Phase Three – ‘closer to normal’, children return to school

The report which sets out the lockdown easing plan says phase three will “begin to feel closer to normal. The virus should be suppressed by this point with ‘test and protect’ working across Scotland to the extent the Scottish Government should know where additional resources will be required.

People will be able to meet up in extended groups outdoors and meet with people from more than one household indoors, subject to physical distancing.

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The public will also be able to drive beyond their local area for leisure and exercise purposes, while public transport will also be limited to enable distancing.

In this phase, children will return to school under the model of part time in school teaching and part time learning at home. All childcare providers could be reopened by this point, subject to public health measures, with available capacity prioritised to support key worker childcare, early learning and childcare entitlement and children in need.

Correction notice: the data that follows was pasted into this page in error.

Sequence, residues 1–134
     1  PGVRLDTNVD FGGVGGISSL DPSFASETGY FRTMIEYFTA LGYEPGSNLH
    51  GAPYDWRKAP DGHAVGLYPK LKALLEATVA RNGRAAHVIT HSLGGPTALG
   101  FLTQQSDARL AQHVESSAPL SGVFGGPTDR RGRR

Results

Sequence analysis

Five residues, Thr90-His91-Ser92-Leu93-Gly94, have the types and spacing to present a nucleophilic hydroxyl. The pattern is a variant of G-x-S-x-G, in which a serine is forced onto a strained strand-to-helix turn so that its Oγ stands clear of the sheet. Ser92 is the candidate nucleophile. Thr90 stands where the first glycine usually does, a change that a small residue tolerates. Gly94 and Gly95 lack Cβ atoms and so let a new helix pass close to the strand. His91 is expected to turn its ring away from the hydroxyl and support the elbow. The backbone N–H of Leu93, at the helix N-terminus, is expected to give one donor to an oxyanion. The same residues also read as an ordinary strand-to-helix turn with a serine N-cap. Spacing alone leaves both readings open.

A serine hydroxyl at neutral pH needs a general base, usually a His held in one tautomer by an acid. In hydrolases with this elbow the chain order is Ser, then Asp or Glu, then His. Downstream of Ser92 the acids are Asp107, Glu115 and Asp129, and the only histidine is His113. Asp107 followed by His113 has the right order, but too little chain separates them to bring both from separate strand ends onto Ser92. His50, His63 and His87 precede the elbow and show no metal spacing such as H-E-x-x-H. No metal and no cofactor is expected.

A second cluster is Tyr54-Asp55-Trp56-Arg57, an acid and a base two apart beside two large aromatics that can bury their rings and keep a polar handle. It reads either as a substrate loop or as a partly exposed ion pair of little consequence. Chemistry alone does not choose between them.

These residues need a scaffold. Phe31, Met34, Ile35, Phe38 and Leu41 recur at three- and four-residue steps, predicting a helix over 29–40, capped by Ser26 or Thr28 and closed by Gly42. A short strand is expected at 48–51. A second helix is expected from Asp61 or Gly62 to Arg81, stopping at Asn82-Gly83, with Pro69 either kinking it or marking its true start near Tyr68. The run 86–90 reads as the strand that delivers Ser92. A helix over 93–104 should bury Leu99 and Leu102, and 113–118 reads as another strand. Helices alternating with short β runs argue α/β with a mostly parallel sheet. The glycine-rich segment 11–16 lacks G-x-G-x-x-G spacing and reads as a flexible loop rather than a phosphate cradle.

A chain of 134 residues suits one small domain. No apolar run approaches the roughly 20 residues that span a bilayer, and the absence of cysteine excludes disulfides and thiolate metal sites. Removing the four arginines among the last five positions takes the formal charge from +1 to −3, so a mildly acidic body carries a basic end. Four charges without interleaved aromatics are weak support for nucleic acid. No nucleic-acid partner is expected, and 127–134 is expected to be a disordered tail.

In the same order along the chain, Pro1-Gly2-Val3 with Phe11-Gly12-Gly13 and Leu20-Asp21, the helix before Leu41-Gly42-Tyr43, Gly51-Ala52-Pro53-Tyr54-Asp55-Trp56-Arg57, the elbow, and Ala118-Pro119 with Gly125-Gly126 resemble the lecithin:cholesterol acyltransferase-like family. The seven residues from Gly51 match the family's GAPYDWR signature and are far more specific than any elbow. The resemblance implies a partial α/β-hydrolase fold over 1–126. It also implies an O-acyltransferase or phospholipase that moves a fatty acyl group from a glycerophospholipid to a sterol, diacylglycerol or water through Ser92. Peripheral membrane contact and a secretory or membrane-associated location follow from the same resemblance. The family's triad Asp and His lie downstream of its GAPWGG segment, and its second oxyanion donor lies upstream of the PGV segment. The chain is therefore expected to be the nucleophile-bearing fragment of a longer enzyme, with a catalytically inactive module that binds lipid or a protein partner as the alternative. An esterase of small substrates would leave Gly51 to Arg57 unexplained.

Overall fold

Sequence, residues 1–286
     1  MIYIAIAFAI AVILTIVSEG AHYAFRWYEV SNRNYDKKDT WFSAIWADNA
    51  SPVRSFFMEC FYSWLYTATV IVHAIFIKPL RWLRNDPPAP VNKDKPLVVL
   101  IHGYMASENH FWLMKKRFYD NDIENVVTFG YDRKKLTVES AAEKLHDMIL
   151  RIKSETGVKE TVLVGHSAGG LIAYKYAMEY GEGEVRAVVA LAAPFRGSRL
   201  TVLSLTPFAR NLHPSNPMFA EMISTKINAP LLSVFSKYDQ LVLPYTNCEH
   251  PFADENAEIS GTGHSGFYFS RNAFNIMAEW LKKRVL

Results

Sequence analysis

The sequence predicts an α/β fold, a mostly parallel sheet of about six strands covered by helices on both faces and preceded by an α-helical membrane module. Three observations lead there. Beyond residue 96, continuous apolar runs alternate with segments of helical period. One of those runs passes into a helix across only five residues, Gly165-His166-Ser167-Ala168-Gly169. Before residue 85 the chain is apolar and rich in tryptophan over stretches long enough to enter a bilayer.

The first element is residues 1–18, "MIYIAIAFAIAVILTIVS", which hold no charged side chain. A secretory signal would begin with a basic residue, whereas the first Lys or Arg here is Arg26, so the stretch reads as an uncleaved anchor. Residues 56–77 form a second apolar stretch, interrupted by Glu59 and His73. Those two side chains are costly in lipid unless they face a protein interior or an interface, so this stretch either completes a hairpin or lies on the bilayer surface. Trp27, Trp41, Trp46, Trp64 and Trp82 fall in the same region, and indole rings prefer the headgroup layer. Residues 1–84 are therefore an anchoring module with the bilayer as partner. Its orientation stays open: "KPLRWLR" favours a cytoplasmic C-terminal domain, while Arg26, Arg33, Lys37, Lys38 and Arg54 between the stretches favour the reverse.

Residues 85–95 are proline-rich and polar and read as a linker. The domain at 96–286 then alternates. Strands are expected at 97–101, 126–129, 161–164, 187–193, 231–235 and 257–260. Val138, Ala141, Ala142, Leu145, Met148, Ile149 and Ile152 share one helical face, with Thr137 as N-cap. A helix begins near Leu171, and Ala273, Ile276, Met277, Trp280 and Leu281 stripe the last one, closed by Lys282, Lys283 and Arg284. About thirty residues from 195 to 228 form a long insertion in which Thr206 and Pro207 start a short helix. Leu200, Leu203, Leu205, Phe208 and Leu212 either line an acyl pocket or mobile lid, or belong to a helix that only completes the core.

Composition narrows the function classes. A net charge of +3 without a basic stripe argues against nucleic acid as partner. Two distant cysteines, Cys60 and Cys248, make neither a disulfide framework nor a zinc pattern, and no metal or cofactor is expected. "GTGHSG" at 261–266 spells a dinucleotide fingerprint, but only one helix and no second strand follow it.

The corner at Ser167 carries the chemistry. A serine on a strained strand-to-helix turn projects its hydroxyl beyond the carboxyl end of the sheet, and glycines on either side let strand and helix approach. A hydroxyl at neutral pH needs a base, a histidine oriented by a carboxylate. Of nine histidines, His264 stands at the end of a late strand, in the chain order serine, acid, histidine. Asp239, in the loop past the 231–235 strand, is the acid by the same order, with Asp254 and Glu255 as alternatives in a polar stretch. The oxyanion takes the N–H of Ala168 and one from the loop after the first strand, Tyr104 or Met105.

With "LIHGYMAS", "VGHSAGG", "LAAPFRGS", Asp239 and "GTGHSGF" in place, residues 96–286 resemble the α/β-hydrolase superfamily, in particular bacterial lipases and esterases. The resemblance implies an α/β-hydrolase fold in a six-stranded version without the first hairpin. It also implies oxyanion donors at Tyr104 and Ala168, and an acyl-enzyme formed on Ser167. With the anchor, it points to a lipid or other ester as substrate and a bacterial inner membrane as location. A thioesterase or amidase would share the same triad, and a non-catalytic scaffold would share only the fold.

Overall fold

Universities and colleges will have a phased return with remote learning and limited learning on campus.

Working from home will remain the default position but more indoor businesses, including the likes of call centres, could reopen in line with relevant guidance.

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Larger retailers could reopen and pubs and restaurants could open in indoor spaces with physical distancing and increased hygiene routines.

Personal retail services, including hairdressers, will reopen with social distancing and increased hygiene.

Museums, galleries, libraries and cinemas and gyms can reopen subject to physical distancing and hygiene measures.